| Twelve-year-old Ali Ismaeel Abbas in a Baghdad hospital. (Reuters)
London, April 9 (Reuters): From Hiroshima to Vietnam, pictures of horrifically injured children have long formed the starkest and most enduring images of war.
Now a badly burned Iraqi boy, who lost his family and both arms in a US bombing raid on Baghdad, has become the face of suffering in the conflict for many around the world and sparked a flood of fundraising appeals.
At least three British newspapers and a charity launched appeals today to raise money for war victims in Iraq, spurred by the haunting photo and story of Ali Ismaeel Abbas.
“The picture that will stay with us... the image that refuses to leave the retina no matter how many times you blink, is of 12-year-old Ali Ismaeel Abbas,” London’s Evening Standard said as it launched an appeal on behalf of the Red Cross.
Three days ago the child haltingly told Reuters journalist Samia Nakhoul — herself later injured when a US tank shelled a Baghdad hotel yesterday — how war had shattered his life. The Reuters photographer was Faleh Kheiber.
The missile that obliterated Ali’s home also killed his father, pregnant mother, brother, three cousins and three other relatives and left him without his arms and badly burned.
“Can you help me get my arms back' Do you think the doctors can get me another pair of hands. If I don’t get a pair of hands I will commit suicide,” he said with tears spilling down his cheeks and fear and pain in his eyes.
“I wanted to become an army officer when I grow up, but not any more. Now I want to become a doctor, but how can I' I don’t have hands.”
Catherine Mahoney from the British Red Cross said they had been inundated with calls from people who wanted to donate money to Ali, to adopt him, or help fly him out for treatment.
But she said the picture had a much wider impact than showing the child’s personal tragedy. It had brought home the whole human cost of the war unlike any other image so far. “Because of the way reporters have been embedded with the military, a lot of the coverage so far has been concentrated on the military campaign, not the human cost,” she said. “But this little boy Ali has captured the horror of war. It is all spelled out in the photo, in his face, his eyes. One person has made the horror real for the world.”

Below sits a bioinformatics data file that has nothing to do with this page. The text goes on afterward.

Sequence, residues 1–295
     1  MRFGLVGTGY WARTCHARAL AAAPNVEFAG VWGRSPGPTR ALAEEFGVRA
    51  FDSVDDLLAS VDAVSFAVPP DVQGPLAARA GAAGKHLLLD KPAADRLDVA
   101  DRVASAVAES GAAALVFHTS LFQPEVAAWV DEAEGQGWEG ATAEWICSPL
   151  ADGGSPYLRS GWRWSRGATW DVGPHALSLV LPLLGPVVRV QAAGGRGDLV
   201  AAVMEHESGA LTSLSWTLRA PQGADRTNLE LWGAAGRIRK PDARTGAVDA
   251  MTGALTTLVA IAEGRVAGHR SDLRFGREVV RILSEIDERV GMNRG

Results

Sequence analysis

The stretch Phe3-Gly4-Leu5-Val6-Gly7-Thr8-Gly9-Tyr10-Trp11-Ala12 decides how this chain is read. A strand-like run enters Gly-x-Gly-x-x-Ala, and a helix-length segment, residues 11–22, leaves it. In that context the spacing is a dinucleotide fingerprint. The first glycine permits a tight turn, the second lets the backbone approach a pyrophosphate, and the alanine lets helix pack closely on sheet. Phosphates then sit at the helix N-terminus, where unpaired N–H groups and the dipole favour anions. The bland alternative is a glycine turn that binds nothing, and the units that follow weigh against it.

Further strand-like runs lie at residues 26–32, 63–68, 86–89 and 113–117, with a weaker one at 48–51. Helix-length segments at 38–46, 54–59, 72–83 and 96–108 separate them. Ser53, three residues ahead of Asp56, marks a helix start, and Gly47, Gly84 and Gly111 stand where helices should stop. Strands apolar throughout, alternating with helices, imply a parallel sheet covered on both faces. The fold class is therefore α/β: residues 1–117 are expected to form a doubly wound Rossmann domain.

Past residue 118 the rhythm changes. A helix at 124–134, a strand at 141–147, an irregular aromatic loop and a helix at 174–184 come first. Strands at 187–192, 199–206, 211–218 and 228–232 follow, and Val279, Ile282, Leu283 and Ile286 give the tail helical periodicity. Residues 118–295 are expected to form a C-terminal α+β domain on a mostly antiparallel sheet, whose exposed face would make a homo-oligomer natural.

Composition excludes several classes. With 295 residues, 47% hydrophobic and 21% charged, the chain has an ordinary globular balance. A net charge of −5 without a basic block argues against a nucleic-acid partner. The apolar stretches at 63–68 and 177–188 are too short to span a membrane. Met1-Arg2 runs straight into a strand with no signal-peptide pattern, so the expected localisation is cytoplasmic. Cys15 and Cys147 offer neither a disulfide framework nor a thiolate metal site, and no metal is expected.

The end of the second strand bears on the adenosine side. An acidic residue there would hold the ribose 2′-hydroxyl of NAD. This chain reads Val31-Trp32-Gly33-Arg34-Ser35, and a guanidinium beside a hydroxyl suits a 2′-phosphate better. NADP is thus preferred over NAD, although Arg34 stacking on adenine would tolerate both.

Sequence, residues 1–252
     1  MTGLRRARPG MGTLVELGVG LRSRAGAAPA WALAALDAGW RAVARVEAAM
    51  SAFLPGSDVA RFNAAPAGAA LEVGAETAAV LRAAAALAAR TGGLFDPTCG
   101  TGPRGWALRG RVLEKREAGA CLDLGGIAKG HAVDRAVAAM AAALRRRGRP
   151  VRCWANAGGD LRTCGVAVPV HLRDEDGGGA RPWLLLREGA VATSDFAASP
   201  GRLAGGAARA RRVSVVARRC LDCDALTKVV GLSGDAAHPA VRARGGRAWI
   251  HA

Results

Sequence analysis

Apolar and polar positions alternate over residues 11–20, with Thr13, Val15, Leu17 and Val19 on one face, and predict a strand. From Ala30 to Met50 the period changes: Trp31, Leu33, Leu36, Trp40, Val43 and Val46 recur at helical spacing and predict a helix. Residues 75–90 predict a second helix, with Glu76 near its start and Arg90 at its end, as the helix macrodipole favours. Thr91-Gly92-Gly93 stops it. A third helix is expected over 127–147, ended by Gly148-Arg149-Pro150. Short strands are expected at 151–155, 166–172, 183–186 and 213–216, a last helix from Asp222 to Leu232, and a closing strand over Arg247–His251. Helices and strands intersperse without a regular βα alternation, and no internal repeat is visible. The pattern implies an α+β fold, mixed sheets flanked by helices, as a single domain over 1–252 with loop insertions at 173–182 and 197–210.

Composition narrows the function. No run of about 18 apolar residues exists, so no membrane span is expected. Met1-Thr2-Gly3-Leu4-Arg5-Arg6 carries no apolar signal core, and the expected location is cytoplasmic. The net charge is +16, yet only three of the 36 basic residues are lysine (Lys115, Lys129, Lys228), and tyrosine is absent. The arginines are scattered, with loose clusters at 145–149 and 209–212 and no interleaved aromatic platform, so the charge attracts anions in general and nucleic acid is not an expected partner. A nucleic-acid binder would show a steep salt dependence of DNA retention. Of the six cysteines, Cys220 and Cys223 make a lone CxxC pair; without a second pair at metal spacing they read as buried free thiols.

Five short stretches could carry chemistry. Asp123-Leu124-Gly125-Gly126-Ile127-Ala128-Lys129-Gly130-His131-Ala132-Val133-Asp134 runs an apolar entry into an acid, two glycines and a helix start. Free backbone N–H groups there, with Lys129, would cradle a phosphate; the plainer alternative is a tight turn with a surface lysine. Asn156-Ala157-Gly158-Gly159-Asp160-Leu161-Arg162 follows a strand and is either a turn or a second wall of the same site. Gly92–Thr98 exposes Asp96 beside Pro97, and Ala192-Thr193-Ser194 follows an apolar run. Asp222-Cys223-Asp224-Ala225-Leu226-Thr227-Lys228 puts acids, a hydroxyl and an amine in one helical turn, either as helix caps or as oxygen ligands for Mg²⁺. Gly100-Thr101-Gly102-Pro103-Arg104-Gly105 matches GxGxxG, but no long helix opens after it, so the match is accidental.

Mahoney said there was always one image from a conflict or disaster that was the most potent symbol of suffering — from the picture of nine-year-old Kim Phuc running naked and burnt after a napalm attack in the Vietnam War to that of Sophia Pedro who gave birth in a tree in flooded Mozambique.
Maharani Gayatri Devi said she wanted to pay for his medical treatment in Iraq or anywhere else in the world. “I want to help the boy in getting back his limbs. I will bear the expenses,” Gayatri Devi said.
One British artificial limbs clinic has offered to treat Ali while the Limbless Association charity set up “Ali's Fund for the Limbless of Iraq,” dedicated to helping him and other children who have suffered similar tragedies.
Television stations and newspapers have carried numerous editorials and letters about Ali.